On our first night in this fine New Orleans establishment (our downtown inn) we were in for a little surprise. Around 2am I woke up slowly to the sound of dripping water. It was the kind of sound you really wish you could just ignore and sleep through, but... No. I went up to turn off what I thought was the shower dripping, and soon found that it was the roof leaking! Short story, the room above had some leak and we had to move our stuff to another room in the middle of the night.
Our current bathroom is a bit funny as well. The shower/bath switch doesn't really work, so you just have to let the water run at max power to get enough water through the shower, and that in turn makes the taps leak onto the floor. We've actually had a spell of weird bathrooms - our last one before these had a light that randomly went on and off so that you couldn't close the door while showering, and before that we had a handicap-fitted one with no threshold and no curtain where the floor leaned away from the drain so that the whole bathroom got flooded :)
Anyway, on to today! After another healthy breakfast (hah - you know, even their bran flakes are sugar coated!? Mattias had Fruit Loops the other day which was literally like sugar coated bits of sugar with some artificial colouring thrown in) we headed down to the riverside and got ready for our little cruise on the Mississippi. We were greeted by the strangest sound - old songs like When the Saints go Marching In played on a steam organ on top of the steam boat! The noise was horribly loud, hilarious and likeable at the same time. Here's a shot of the Natchez - the only riverboat that still runs on steam on the Mississippi:
Of course, these days New Orleans is a huge port town and the industrial area stretches for miles and miles both up- and downriver from the city. The trip we took was two hours long and went downstream towards the Gulf of Mexico for about 45 minutes before turning back up towards New Orleans. The points of interest were mainly the port and harbour highlights along the river, but also included the last battlefield of the war against the English which unfortunately took place 2 weeks after the peace treaty was signed - the mail wasn't terribly effective back in those days.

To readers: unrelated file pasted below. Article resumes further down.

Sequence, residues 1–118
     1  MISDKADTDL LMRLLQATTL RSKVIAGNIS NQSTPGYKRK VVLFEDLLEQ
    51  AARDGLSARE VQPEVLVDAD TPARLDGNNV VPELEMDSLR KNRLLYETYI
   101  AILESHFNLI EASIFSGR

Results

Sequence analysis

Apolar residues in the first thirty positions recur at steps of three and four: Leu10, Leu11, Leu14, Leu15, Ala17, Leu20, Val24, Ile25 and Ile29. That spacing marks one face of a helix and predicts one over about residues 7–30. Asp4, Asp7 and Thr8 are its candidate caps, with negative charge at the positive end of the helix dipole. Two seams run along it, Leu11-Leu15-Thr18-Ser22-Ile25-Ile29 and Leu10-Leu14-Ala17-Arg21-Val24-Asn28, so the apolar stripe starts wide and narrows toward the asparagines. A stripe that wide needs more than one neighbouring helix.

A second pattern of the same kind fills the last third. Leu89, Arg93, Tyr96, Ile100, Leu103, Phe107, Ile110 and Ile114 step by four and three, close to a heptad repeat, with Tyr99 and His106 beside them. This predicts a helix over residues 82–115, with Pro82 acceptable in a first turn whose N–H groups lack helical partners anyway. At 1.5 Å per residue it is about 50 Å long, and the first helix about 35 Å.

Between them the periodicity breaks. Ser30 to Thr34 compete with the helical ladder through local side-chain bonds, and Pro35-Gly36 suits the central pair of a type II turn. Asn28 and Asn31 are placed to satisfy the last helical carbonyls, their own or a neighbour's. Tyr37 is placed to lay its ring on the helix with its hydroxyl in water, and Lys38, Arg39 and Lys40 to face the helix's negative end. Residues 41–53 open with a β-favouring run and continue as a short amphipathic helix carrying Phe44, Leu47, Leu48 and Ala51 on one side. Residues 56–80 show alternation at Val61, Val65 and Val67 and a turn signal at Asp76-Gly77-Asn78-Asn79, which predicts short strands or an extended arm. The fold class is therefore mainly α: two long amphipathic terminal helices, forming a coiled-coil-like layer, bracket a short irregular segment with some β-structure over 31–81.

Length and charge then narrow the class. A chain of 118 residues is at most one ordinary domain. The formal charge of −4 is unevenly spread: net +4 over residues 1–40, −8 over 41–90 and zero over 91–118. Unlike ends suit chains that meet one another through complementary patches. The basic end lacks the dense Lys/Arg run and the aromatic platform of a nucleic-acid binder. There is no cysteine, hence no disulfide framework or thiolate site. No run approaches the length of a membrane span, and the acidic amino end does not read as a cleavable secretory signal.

The river banks were fascinating enough still. Here's an encouraging message on an abandoned warehouse:
I love these water reservoirs. You can see them all over the states, big and small, thousands and thousands on the roofs in the cities, and one by one out in the countryside.
The most prominent feature of the tour along the river was the devastation caused by the infamous hurricane Katrina in 2005. A lot of the damage is still very visible, especially along abandoned harbour stretches like this:
For the return part of the journey we went down to the dining hall and tasted some famous Louisianan foods! We had Gumbo, Jambalaya and the local dessert, bread pudding. Then we went down to the engine room to have a look at the steam engine at work. I took this sneaky picture of one of the engine operators. Tattoos and all, like a real sailor :)
The rest of the day was incredibly hot and even just sitting still we were sweating like pigs. We're sure we're the only ones sweating too, everyone else seems fine with a little fanning. Despite this we took a look around the French market which sold a bunch of brik-a-brak. Mattias got a new pair of cheap sunglasses and I found a Mardi Gras present for someone... But I'm not saying who! We took a siesta back at the hotel and drank copious amounts of water and lemonade. After a short nap we took to the evening streets again and once again were drawn to the Cafe du Monde for more coffee and beignets.
The plan was to go see the grave of Marie Laveau, but when we found the cemetary it was already closed for the day, it being open only until 3pm in the afternoon. From what we saw the cemetary was a creepy, desolate place. Huge big tombs and tilted tombstones so close together that it looked more like a maze than a graveyard. It was enough to give me the chills even through the thick, high walls!
The last thing we did was to find some food, and what better way to end this visit in New Orleans than with a classic 'Po Boy' (from poor boy, or poor boy's dinner) - a submarine sandwich which is kind of like a huge, long hamburger. I think we managed to taste most of the local specialities in just two days!
We've seen some truly American things so far along our trip. We've seem steaming man holes and rusty fire escapes in New York's back alleys. We've seen countless cars being pulled over by state troopers on the highway. We've seen so many American flags we're seeing stars and stripes when we close our eyes. And today, we saw a water post flooding the street:
What's next? I'm still waiting to see someone hang up the phone without saying 'bye' :)
Välkommen till min nya blogg!
1 year ago